Gem-set Jewelry Experiment FAIL

You’ve all probably seen horror stories about rusty jewelry or “titanium” jewelry that turns out to be cheap steel that was painted, revealed with the colour peels off. But this jewelry comparison is more subtle, the difference not between high quality and garbage, but more like the difference between high quality and mid-range “meh” jewelry that might not instantly set off alarm bells. A.J. Goldman took some “expensive” jewelry and some cheap jewelry (not that either of these will break the bank) and put them both in a saline bath for the weekend. Both bars had the same sparkling clear stones when the experiment started. The saline should have basically zero effect on the jewelry, and thankfully it didn’t seem to alter or damage either bar (one being stainless and the other titanium), but what did happen is the gems in the cheaper jewelry turned dull and discolored. The most likely explanation is the cheap foil-backed “gems” they used, or even the epoxy used to set them, reacting to the saline. The quality jewelry uses gems that are held in place by the metal’s shape itself, so there is no foil backing or epoxy to discolour.

gemproblem

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Think about how long the jewelry is going to be in your body — and the fact that you’re getting the piercing to enhance your body. If you’re not willing to spend that extra $10 or $20 to do it right, is it really worth doing? What is it saying about what you think of your body when you put low-quality tarnished or dulled or discoloured crap in yourself? From my point of view, it is better to wait a little longer until you can afford top-notch jewelry, and wear something that will look beautiful for the life of the piercing. There is nothing worse than getting a body modification that you thought would be a thing of beauty, only to be betrayed by it because someone decided to cut-corners on the jewelry to save or make a few dollars.

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About Shannon Larratt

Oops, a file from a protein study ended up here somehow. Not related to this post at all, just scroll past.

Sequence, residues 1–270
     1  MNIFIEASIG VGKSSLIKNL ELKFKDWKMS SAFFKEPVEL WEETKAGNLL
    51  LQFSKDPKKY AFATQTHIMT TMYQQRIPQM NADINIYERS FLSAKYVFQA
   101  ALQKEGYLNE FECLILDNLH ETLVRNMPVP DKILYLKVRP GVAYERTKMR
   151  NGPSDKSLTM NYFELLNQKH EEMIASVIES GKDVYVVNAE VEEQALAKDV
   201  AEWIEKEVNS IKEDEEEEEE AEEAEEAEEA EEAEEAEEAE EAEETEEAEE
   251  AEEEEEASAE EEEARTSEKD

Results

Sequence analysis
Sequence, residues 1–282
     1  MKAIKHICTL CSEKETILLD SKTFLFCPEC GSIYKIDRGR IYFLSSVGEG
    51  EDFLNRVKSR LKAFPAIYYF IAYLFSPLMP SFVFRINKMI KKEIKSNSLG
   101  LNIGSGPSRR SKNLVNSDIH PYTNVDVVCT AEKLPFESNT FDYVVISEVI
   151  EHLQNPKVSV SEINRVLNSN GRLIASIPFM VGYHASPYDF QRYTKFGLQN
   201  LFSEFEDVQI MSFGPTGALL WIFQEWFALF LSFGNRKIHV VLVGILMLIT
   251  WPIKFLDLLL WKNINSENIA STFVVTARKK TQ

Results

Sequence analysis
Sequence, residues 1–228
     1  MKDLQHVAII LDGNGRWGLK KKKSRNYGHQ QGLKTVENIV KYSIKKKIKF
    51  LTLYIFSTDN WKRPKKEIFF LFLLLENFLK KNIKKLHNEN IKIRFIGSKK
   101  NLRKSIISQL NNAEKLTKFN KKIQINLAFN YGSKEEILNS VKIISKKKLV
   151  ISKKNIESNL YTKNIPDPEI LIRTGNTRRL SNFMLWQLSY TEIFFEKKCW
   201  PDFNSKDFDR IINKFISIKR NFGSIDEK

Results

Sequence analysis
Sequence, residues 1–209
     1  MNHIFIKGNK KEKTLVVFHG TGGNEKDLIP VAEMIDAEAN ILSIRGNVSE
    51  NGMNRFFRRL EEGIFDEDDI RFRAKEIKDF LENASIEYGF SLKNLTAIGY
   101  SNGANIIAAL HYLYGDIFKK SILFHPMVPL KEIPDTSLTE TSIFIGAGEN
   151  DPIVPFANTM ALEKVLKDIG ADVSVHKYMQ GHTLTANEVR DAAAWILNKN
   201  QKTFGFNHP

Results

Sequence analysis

Shannon Larratt is the founder of BME (1994) and its former editor and publisher. After a four year hiatus between 2008 and 2012, Shannon is back adding his commentary to ModBlog. It should be noted that any comments in these entries are the opinion of Shannon Larratt and may or may not be shared by BMEzine.com LLC or the other staff or members of BME. Entry text Copyright © Shannon Larratt. Reproduced under license by BMEzine.com LLC. Pictures may be copyright to their respective owners. You can also find Shannon at Zentastic or on Facebook.

2 thoughts on “Gem-set Jewelry Experiment FAIL

  1. Out of curiosity, what was the price difference between the two? If I’m buying something which I plan to wear a lot, I’ll get the high quality, name brand jewelry. If I’m buying something which I’ll only wear occasionally or as costume jewelry, I’ll generally get something less expensive (but still implant grade metal / glass / horn / otherwise safe to wear).

    For example, the 7 ear plugs to make my ear piercings a bit less . . . immediately visible . . . during job interviews and such are implant grade stainless steel and cheap artificial crystals. The captive bead rings I wear in them normally are Anatometal implant grade titanium. For something like that, a $20 price difference per item is $140, for something I’ll wear maybe 40 hours out of the year.

  2. I have some ‘cheap’ jewelry I wear ‘on occasions’ maybe once every 2 or 3 months to match an outfit or look more sophisticated for an interview or funeral or something… but this is an eye opener for sure. Surgical steel is a staple for me

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